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Elevated Carbon Dioxide Spurs Shrub GrowthBy Rosalie Marion Bliss
August 28, 2007
Shrubs far outgrew native grasses in Colorado rangeland when exposed to elevated levels of carbon dioxide (CO2), according to a study published by Agricultural Research Service (ARS) scientists and cooperators at Colorado State University.
The results suggest that rising CO2 levels in the Earth’s atmosphere may be contributing to shifts in plant community dynamics, in which woody vegetation is favored over perennial forage grasses.
The study will be published in this week’s online edition of the Proceedings of the National Academy of Sciences. Plant physiologist Jack A. Morgan, research leader of the ARS Rangeland Resources Research Unit in Fort Collins, Colo., led the study. ARS is the U.S. Department of Agriculture's chief scientific research agency.
During the past 200 years, shrubs have expanded their reach into many of the world's grasslands, reducing the amount and quality of forage available to livestock. Some scientists theorize that elevated atmospheric CO2 concentrations have spurred that growth. But evidence as to the underlying reasons behind the problem of woody plant encroachment has been lacking.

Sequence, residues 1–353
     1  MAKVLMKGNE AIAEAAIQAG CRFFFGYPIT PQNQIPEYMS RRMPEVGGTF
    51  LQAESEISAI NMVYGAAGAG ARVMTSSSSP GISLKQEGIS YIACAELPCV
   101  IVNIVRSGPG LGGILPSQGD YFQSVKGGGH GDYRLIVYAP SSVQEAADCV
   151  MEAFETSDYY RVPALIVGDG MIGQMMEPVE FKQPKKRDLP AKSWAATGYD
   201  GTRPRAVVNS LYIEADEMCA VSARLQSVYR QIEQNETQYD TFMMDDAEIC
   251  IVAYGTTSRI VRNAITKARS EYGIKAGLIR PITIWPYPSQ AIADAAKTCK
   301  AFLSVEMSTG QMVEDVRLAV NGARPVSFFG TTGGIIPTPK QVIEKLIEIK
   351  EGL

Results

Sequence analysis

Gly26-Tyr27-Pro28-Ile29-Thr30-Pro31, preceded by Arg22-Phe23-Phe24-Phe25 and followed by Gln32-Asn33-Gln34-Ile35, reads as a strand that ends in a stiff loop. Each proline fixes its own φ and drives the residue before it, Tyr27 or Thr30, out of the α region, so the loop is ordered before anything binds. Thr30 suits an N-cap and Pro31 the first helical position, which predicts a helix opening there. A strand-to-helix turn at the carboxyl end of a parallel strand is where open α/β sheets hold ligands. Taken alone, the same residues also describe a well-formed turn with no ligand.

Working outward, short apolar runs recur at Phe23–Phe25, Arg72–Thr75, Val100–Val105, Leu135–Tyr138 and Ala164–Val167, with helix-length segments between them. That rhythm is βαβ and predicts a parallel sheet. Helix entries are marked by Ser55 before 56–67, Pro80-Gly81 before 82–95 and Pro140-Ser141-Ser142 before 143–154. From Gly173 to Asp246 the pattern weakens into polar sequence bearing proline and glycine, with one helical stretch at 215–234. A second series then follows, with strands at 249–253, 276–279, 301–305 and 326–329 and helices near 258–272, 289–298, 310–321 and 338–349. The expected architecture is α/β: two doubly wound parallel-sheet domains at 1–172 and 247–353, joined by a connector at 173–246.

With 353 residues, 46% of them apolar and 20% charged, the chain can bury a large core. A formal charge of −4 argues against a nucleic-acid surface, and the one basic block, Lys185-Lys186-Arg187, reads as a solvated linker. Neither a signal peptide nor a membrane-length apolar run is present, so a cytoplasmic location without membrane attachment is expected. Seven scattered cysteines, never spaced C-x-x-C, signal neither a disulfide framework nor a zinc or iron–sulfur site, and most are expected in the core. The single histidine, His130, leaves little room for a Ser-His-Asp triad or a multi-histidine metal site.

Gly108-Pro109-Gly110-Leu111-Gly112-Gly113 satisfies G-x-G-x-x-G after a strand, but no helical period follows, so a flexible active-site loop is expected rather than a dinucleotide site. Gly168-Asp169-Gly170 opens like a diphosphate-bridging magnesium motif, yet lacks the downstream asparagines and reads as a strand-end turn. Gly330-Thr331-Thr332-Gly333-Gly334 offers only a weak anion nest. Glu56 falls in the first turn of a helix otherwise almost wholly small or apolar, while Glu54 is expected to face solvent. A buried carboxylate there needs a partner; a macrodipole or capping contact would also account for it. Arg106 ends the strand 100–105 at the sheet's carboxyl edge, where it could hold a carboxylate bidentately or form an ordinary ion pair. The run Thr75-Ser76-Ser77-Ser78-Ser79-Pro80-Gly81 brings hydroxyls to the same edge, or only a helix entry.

The experiment was conducted on native short grass prairie in northern Colorado. To simulate elevated atmospheric CO2 conditions and make comparisons, the scientists used six large open-top chambers. Three of the chambers were infused with air injected with 360 parts per million (ppm) of CO2—to model today's atmosphere. The other three chambers were infused with air injected with twice the control amount—or 720 ppm—of CO2. That's roughly the atmospheric concentration expected by the end of the century.
Among the 34 plant species exposed to 720 ppm of CO2, the scientists found a 40-fold increase in aboveground biomass of fringed sage, Artemisia frigida, a widespread shrub in rangelands of North America and Asia. Growth of only one other species, Stipa comata, a relatively low-forage-quality perennial grass, was also significantly affected by the CO2, as previously reported. S. comata showed only a two-fold increase in biomass due to CO2.
The results support present theories that rising CO2 may be altering the botanical structure of world grasslands and contributing to their degradation.